Thursday, May 24, 2012

Spring Onion Potato Salad

Spring Onion Potato Salad

Spring Onion Potato Salad

What started out as an innocent mention by my friends, Jen, Scott and Evie Lynch, at La Fortuna Pizza, has become an obsession: spring onion puree.They were demonstrating a delicious and simple grilled flatbread (not a true pizza)--perfect for us mortals who lack 900-degree pizza ovens (recipe forthcoming in August Madison Magazine). They casually topped one flatbread with pesto, grilled tomatoes and cheese, and the other with a spring onion puree, grilled asparagus and shaved parmesan.

I was immediately drawn to the simplicity of the toppings, and the variety of flavors they combined.  I took a bite of the asparagus-onion flatbread and tasted the sweetness of the onions combined with the salty-sharp cheese and the crunchy, roasted asparagus stalks.

Wait. What is that? Total mouth bliss. Oh, just a puree of sauteed spring onions--really any tender Allium you have around. The flavor is sublime. It is sweet, pungent, and deep. The biting onion and garlic notes are buried during cooking, and a sweetness is unearthed. It needs a bright note, Scott casually mentioned. Really? It is perfection. I am amazed, inspired and excited that such benign ingredients simply sauteed can taste so full. Oh, wait is that umami? 

Spring Onion Puree
 Ahh, my English term--mouth bliss. I went home and immediately made some, picking wild ramp leaves, chives, green onion tops from my yard. I sauteed them in a bit of olive oil, blended them with a pinch of salt and more oil, and then  though: A bright note? If you say so, Scott. What about Oxalis, or wood sorel (remember that citric clover-like leaf you used to nibble as a kid?)? I grabbed a small handful (weeding the garden never felt so productive) and threw it in.

To. Die. For. I kid you not. I have it on eggs, on pasta, in soup, but my favorite way, aside from topping a flatbread, is in a potato salad. Fair warning friends, I will go on and on about this amazing spring onion puree. Or you could make some and then we can go on about it together. I urge you to try this puree before the impending summer gets the best of our spring. Enough said.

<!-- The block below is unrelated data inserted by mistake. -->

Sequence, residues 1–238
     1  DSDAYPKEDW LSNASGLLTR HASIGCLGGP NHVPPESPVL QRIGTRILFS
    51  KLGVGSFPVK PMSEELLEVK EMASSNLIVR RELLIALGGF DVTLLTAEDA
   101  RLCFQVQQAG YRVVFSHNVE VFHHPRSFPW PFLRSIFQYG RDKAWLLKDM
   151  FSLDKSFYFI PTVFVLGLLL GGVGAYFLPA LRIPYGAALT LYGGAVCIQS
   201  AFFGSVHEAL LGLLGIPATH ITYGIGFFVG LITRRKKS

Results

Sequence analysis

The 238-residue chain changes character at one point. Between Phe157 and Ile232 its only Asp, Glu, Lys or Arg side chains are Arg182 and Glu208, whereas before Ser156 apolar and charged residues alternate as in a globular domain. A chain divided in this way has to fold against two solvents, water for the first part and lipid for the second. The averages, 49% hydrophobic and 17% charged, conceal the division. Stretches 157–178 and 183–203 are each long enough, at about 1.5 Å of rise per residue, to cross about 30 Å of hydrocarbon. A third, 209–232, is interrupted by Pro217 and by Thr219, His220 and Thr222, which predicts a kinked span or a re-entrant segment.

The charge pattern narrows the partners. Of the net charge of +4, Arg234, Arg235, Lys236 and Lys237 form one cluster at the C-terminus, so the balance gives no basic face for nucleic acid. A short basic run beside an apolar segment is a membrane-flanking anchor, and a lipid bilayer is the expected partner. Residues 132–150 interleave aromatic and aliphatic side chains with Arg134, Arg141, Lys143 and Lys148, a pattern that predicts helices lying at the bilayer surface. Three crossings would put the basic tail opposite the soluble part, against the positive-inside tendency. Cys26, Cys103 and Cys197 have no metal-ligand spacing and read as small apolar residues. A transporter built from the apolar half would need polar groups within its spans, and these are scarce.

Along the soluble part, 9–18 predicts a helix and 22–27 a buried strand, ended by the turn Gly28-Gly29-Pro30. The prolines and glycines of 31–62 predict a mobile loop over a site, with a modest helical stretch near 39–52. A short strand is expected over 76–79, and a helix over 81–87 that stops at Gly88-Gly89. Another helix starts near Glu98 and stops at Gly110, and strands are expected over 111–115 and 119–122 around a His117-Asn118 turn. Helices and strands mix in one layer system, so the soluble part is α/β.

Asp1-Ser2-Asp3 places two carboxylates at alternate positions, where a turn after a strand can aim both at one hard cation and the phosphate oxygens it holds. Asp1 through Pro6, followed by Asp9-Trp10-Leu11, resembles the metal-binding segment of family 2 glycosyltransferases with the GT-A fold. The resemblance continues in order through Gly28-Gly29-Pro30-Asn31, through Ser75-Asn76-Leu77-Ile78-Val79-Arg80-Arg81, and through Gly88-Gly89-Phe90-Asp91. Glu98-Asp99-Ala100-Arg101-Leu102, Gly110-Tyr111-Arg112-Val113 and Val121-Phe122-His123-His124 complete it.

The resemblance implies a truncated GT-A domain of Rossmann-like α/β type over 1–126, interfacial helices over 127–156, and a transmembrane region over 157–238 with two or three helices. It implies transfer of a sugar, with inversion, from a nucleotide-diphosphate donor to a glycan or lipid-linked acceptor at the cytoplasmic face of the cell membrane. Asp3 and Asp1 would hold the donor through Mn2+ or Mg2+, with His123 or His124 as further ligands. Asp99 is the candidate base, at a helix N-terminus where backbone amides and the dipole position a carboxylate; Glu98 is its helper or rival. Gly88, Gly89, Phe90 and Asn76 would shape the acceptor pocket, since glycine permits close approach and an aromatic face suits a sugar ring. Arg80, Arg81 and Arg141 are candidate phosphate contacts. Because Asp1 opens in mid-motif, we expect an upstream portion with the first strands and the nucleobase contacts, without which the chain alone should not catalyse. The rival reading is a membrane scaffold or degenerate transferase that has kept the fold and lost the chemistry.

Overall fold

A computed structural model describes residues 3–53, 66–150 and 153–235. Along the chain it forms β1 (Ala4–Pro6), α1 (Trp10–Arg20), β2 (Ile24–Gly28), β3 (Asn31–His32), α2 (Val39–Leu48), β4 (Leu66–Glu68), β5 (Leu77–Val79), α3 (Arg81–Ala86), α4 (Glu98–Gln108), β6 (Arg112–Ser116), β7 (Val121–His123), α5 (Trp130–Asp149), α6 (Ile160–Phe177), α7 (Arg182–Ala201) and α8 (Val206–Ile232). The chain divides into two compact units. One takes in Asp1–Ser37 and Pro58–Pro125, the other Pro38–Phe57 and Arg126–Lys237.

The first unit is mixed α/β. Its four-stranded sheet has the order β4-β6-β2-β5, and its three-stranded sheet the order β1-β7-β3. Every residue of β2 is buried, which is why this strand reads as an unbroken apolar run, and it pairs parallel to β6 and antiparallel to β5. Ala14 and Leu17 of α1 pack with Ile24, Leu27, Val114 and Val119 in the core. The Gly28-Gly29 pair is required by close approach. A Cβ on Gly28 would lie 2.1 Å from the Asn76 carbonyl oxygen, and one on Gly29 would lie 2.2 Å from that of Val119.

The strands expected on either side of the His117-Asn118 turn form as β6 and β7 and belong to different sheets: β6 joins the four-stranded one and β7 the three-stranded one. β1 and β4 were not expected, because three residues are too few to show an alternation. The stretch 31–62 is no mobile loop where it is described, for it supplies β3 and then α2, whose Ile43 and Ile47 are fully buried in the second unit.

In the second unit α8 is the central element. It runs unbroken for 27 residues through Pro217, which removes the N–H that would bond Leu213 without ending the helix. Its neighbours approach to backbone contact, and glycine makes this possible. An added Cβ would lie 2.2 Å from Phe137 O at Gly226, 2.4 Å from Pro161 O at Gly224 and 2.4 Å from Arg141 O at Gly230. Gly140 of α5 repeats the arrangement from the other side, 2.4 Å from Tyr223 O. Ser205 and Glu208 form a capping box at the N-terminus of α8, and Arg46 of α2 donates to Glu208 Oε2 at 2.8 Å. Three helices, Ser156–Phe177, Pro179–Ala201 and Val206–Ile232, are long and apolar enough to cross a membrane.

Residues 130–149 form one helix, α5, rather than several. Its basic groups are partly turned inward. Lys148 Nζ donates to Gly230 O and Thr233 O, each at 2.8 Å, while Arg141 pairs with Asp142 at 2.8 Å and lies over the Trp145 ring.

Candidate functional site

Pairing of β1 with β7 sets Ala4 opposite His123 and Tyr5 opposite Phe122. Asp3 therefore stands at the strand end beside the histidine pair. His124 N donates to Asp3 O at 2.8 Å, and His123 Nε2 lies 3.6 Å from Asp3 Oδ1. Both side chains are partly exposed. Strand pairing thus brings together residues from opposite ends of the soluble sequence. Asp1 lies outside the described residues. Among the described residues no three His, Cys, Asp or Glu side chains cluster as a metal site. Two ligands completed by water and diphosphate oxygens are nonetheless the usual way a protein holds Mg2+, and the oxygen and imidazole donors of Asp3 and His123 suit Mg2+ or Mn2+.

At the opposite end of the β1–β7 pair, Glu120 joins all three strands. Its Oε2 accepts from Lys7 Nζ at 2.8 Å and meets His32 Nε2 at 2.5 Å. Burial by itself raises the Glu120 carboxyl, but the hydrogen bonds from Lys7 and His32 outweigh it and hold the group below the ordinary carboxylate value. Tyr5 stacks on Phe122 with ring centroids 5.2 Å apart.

Spring Onion Potato Salad:
about 8 small new potatoes, washed, cubed with skin on
olive oil
2 heaping tbsp spring onion puree (see below)
½ cup sauteed fresh garden greens (1-1.5 cup fresh), drained
1 tbsp chopped fresh chives
Cube and roast potatoes with skin on in foil with oil and salt to taste about 40 minutes, 20 each side until skin is browned in some spots and potatoes are tender.
Dump them on a bowl.
Add the sauteed, drained greens.
Add puree, a touch more salt if needed and fresh chives.
Eat. Bliss.
Onion Puree:
large handful of green onion-ey type things. (I used wild ramp leaves, chives and green onions)
olive oil
2 small bunches ( a small loose handful) wood sorel
Chop and sautee onions in oil for about 4 min, stirring often. Do not let them burn!
Dump in food processor and add more oil and pulse to make a spread like pesto. Add a pinch of salt to taste and fresh sorel. Pulse again until coarsely pureed.


Lyndsey said...

Oh this sounds good! I never would of thought to make it. I add fresh chives to potatoes and eggs already...this will really kick it up a knotch!

Lyndsey said...

This green onion "pesto" sounds really good. I like to add fresh chives already to potatoes and eggs. I am glad you thought of this, now I know how to put those green onions to good use.

Marina@Picnic at Marina said...

I love potato salads, this one looks delicious!

Otehlia said...

Thanks, it really is such a great way to celebrate spring!

Fresh Local and Best said...

The onion puree sounds versatile, combined with potatoes it sounds superb.